Tunnelling Core Impact Through Cobalt Strike

I keep saying that my mission is to turn hackers into networkers and networkers into hackers. Having an understanding is great but having the knowledge is even better. I have met amazing hackers that knew VLANs existed but not how to use them in an engagement. I’ve met networkers who know what a C2 is but nothing about masquerading C2 traffic. In this article, I’m going to outline how to tunnel Core Impact traffic through a Cobalt Strike beacon chain.

One of the cool features of Cobalt Strike (and other C2 infrastructures) is the ability to hide your traffic in with “normal” traffic. I’ve chosen to use a PNG file download to blend in with for this scenario. You could set it up as a DNS query if you wanted… The possibilities are almost endless.

In addition, I’ve created two servers on the Internet to act as redirectors for the Cobalt Strike beacon traffic. These act like load balancers so if the Blue Team detects one of them as a threat source and block it, the other will continue to work.

First, let’s take a look at the final picture we’re going to reach:

Here’s what we’re going to have:
- A Compromised Asset in our target network, very likely behind a firewall with UTM features
- Two redirectors
- The Cobalt Strike TeamServer on the Internet
- The Core Impact asset behind a firewall

Let’s get started.

On your Cobalt Strike machine, configure a C2 malleable profile to use. As mentioned before, I’ve created one which prepends and appends the appropriate header and footer to be detected as a PNG file. Once you’ve verified your profile with “c2lint” and are happy with it, start up the TeamServer using your profile. Create a new “Listener” and customize it to your needs.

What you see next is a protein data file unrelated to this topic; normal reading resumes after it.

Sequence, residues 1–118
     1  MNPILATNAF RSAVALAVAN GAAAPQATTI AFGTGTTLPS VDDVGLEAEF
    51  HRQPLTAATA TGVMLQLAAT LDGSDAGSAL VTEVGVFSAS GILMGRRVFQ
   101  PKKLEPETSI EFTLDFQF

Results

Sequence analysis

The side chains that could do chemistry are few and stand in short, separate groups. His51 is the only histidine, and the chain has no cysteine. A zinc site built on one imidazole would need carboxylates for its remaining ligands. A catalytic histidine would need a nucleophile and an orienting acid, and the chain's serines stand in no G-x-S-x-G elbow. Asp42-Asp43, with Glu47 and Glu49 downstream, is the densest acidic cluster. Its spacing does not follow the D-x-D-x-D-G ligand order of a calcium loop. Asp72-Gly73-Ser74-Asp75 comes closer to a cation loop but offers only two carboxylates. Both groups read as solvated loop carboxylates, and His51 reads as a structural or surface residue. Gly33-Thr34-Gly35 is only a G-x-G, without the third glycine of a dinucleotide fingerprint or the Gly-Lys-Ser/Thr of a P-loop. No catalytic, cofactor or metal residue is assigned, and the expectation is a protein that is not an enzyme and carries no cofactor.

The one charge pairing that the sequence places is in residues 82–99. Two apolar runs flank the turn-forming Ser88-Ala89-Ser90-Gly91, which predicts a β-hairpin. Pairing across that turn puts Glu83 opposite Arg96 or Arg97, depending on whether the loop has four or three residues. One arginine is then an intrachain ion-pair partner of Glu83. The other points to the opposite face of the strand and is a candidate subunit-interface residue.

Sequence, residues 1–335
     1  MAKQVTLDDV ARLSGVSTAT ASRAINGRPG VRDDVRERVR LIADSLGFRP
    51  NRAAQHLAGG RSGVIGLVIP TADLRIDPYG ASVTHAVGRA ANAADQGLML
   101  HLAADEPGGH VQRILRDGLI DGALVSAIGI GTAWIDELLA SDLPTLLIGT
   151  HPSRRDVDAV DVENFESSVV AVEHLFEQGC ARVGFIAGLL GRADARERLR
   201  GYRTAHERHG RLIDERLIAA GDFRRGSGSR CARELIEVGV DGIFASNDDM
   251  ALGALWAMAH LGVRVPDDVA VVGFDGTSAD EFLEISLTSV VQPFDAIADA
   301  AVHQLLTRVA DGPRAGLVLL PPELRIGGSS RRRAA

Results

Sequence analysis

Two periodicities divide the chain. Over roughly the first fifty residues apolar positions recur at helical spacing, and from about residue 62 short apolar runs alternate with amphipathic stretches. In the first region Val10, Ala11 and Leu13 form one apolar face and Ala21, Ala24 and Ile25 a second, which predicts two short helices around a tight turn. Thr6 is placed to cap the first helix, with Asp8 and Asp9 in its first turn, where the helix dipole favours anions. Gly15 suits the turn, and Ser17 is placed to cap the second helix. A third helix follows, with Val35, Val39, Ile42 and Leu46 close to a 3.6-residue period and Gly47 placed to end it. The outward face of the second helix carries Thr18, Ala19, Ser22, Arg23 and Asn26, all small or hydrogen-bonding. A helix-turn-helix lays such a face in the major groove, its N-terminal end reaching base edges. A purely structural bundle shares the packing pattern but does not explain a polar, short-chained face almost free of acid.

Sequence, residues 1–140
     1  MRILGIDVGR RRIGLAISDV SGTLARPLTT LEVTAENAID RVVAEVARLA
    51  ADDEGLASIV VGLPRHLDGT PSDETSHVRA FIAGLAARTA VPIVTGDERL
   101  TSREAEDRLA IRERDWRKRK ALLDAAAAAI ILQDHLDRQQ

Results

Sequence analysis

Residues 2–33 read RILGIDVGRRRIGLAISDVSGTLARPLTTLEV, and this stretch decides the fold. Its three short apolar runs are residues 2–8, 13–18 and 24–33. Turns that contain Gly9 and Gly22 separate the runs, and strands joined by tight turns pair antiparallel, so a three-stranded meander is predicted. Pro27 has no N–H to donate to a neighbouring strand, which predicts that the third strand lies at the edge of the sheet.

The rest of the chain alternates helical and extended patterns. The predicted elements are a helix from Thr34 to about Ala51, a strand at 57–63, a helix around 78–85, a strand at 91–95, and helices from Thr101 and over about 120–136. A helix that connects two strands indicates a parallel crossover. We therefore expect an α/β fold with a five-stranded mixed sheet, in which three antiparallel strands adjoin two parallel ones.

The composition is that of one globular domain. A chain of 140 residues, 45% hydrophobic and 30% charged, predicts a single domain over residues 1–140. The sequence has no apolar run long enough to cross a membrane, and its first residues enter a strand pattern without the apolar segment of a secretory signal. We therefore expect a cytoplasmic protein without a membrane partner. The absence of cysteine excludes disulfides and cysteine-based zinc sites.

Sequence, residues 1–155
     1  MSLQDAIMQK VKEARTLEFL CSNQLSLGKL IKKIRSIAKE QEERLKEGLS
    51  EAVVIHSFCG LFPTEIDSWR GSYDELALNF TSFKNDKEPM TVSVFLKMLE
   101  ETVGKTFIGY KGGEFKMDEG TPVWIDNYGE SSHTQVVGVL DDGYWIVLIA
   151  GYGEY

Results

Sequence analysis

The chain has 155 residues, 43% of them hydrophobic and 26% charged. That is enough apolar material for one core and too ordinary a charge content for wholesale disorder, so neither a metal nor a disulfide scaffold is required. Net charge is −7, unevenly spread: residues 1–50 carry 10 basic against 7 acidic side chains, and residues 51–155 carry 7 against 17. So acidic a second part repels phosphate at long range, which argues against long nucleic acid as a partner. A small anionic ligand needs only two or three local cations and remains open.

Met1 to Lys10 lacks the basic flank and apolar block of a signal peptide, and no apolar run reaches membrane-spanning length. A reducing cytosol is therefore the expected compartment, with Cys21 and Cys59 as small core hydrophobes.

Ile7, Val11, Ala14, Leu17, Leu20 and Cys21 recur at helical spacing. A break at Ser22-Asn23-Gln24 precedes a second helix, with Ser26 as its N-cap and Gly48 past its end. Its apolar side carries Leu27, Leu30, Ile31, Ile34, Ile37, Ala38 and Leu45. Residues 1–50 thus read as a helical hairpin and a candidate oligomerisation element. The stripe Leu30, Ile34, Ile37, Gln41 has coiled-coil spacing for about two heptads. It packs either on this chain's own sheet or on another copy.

For this example, I’m using HTTP (no TLS) so that I can show you the packets later on. In the “HTTP Hosts:” area, put in the IP addresses of your redirector servers. I suggest using the “failover” method for the “Host Rotation Strategy” as the “round-robin” will expose all of your redirectors off the bat.

On each of your redirectors, install the “socat” program and configure the forwarding by running: socat TCP4-LISTEN:80,fork TCP4:5.6.7.8:80 where 5.6.7.8 is the IP address of your Cobalt Strike TeamServer. Also, if you’re using UDP, IPv6 and/or another Layer-4 port, modify the command accordingly. What this does is listen on TCP/80 (IPv4 only) and any packets which arrive on that socket will be forwarded to 5.6.7.8:80 on TCP.

Now that your “Listener” is listening, get the Cobalt Strike beacon installed on the Compromised Asset. There are many ways to do this and many situations to cover so I won’t go into detail here but I will say that phishing combined with a Web Drive-by Stageless is one of my favourites.

You should now be at a point where you have the Compromised Asset in your Cobalt Strike workspace.

From here, you can right-click on the object and perform normal Cobalt Strike actions as you normally would. We’re interested in combining our Cobalt Strike access with Core Impact so let’s get Core Impact ready to go.

Core Impact uses it’s own agents outside of Cobalt Strike as they are two different programs. In our example, our Core Impact machine is behind a firewall and subject to Hide-NAT. The first thing we need to do is create a firewall rule to perform (at least) PAT (Layer-4 translation) or a full Static-NAT (Layer-3 translation) inbound. Each firewall vendor is different but every one that I’ve come across will allow you to do either of these. If you’re short on public IP spaces, you’re going to want to use PAT.

Make sure you set the source as the IP address of your TeamServer since that’s where the communication will be coming from. In addition, choose a TCP port to use for Core Impact agent communication. I’ve chosen TCP/1234 for the example so make sure that TCP/1234 is forwarded (PAT) to the Core Impact host. Regardless of PAT or NAT, ensure the action is allow/accept/permit on the firewall. You can test this by running: hping3 public.ip.of.firewall -S -p 1234 -c 3 from the TeamServer machine and you should get three SYN/ACK packets back. Don’t proceed until you get proper replies.